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Banking Briefing: Interest rates, big banks, and Revolut’s bumpy road to super-app-dom

  • The Central Bank raised its benchmark interest rate by half a percentage point. But with more fintech competition than ever, can major banks afford to respond the way they have in the past?
  • Meanwhile, Revolut’s super app strategy is hitting some bumps. What does that mean for the firm?

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Banking Briefing: Interest rates, big banks, and Revolut’s bumpy road to super-app-dom

In March, Bank of America was the first financial institution to be certified by J.D. Power for financial health support.

J.D. Power’s financial health support program basically measures customer experience in terms of building financial health.

I spoke with Ashley Ross, head of client experience at Bank of America, who gave some more details about what the bank has been doing to improve customer experience.

Combining digital with in-person aspects

“In-person support is really important for the development of the client relationship, and for delivering more personalized advice on financial health. 

There are a lot of things that are great for digital in terms of transactions, interactions, and banking activities, but clients and customers really do appreciate and need that personalized advice when they want it. And we want to provide them with those options. So even if a client may not need personalized branch or phone support, it's still very important that they know it's there and that we have their backs should they need assistance.”

Offering financial literacy resources

“In terms of support, it’s not just about in-person support, but even just the educational content that we provide to help clients with their financial health. 

Better money habits, for example, is this really great platform that has a lot of free financial education, content and tools for people at all life stages that can help them towards their goals. And consumers accessed that information 7.6 million times in 2021. So these are good ways for us to support clients in terms of having people available to speak to them, but also educational content that they can access as well.”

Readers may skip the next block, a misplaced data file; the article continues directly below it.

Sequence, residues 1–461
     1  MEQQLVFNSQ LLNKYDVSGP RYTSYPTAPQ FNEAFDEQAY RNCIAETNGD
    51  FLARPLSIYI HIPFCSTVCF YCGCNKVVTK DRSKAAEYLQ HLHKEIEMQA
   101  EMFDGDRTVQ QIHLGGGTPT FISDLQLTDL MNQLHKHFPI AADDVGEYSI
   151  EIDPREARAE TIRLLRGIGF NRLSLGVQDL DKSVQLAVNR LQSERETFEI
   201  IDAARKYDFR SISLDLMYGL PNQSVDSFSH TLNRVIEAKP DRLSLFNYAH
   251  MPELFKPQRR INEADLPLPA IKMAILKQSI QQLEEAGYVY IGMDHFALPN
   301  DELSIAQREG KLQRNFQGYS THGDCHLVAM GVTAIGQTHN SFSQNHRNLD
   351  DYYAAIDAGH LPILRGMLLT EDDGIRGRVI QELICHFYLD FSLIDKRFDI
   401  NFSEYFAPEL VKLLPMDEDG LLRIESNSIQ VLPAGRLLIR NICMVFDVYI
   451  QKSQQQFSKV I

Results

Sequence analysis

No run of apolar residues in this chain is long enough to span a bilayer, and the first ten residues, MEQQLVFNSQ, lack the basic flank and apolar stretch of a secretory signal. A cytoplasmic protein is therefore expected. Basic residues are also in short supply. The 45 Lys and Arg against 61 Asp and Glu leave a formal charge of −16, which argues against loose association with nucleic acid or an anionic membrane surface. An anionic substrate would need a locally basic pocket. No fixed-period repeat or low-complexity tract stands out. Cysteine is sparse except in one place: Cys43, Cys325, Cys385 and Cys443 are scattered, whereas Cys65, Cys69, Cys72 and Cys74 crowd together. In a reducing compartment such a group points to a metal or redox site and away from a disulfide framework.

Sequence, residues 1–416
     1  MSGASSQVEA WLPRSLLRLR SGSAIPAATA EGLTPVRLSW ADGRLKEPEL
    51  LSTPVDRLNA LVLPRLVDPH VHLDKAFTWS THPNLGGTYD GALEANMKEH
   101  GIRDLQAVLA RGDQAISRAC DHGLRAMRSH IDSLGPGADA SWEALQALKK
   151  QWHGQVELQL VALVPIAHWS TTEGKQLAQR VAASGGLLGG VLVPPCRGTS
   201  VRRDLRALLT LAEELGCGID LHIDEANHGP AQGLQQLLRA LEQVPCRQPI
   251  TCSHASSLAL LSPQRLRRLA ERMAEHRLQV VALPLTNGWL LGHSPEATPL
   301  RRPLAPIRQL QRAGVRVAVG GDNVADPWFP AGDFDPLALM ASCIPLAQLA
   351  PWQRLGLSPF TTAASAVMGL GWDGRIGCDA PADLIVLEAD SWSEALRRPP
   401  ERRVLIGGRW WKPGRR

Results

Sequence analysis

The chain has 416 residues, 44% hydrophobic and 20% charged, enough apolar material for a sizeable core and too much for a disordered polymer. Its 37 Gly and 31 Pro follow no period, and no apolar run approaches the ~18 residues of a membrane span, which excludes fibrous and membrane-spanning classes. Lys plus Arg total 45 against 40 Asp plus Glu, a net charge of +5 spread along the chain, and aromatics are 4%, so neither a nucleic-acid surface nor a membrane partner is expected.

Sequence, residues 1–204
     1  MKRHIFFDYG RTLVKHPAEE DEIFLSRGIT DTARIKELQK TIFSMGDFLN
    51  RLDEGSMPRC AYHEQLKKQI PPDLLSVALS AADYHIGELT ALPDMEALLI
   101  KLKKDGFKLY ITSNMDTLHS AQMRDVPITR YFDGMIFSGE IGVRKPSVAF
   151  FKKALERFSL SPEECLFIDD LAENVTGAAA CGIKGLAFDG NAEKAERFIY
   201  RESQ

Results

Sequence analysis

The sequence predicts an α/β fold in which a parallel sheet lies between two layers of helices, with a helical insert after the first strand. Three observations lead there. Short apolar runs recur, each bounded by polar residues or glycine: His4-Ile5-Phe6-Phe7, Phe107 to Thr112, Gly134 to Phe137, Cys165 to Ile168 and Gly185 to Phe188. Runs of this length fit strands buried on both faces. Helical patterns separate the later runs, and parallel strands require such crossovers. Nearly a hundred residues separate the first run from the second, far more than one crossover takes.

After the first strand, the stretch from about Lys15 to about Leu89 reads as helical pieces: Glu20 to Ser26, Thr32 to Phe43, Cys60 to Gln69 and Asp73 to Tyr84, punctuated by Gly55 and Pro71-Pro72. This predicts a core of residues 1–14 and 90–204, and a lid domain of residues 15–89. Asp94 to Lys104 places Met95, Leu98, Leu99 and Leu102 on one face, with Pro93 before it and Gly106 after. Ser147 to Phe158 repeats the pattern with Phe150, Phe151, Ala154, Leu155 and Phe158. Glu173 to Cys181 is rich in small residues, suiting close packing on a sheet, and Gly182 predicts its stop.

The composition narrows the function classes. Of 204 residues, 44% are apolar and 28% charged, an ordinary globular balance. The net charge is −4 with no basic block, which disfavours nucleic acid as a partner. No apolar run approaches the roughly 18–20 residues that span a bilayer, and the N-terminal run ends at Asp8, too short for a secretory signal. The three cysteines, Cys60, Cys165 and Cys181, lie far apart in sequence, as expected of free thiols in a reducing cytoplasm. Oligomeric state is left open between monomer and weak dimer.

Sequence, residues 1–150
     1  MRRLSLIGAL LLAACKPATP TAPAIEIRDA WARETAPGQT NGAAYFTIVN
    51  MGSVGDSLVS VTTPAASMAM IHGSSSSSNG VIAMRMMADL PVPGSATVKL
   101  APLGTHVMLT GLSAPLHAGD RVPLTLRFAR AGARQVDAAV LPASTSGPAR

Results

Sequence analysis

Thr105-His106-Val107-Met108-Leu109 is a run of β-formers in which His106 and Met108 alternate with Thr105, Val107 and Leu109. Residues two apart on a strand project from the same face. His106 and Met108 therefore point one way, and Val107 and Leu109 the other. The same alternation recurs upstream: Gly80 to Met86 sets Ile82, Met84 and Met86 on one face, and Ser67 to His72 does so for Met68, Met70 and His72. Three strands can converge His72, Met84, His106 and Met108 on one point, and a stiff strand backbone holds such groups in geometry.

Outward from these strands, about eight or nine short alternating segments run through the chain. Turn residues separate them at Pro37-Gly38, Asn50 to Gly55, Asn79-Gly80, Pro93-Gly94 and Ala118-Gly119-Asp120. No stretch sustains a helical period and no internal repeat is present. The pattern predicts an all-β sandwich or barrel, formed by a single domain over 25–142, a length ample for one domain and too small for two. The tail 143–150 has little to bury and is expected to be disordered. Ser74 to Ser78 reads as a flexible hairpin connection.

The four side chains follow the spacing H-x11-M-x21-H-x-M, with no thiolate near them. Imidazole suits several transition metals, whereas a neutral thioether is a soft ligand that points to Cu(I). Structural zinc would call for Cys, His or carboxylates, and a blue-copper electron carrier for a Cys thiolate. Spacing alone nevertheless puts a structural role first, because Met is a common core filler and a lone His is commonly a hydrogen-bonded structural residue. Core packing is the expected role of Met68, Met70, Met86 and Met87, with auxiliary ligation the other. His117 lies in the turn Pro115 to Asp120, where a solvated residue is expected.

Communicating consistently

“One of the things that we’ve learned the last couple of years from a client experience perspective is that communication is key. 

And during the pandemic, we learned that you really can't over-communicate, especially at a time when clients are facing hardship or need additional support and guidance. So we ramped up our proactive communication to clients at the start of the pandemic, and have really taken that lesson and learned to ensure we're ‘over-communicating’ with our clients and figuring out the ways that we can support them."

I’ll admit there’s a bit of a market-y feel to this spiel, but the point I’m making is this: How much does all this really matter?

It’s not that these things aren’t important. It’s more that consumers are becoming aware of their finances and have more options to choose from when it comes to who they trust with their money. More financial literacy content may be enough to get their attention, but it may not be enough to keep them.

Here’s why I’m mentioning this:

On Wednesday, the Central Bank raised its benchmark interest rate by half a percentage point. But analysts are skeptical about whether big banks will let depositors get any benefits from this. 

“The biggest banks in particular are sitting on a mountain of deposits. The last thing in the world they’re going to do is raise what they’re paying on those deposits. The big dominant banking franchises that have branches and ATMs from coast to coast, they’re not going to be pressured to increase their rates,” Greg McBride, chief financial analyst at, told CNBC.

I know it’s not good to assume, but I’m guessing that if they had to choose, most consumers would opt for the better interest rates in their deposit accounts over more financial literacy content. 

Major banks’ next steps following the increased rates could be what determines in consumers’ eyes whether they’re all talk, mostly talk, or just a bit of talk.

On Revolut’s bumpy road to super-app-dom

Late last month, Revolut announced it was exploring both decentralized cryptocurrency wallets and mortgages as part of its strategy to reach super app status.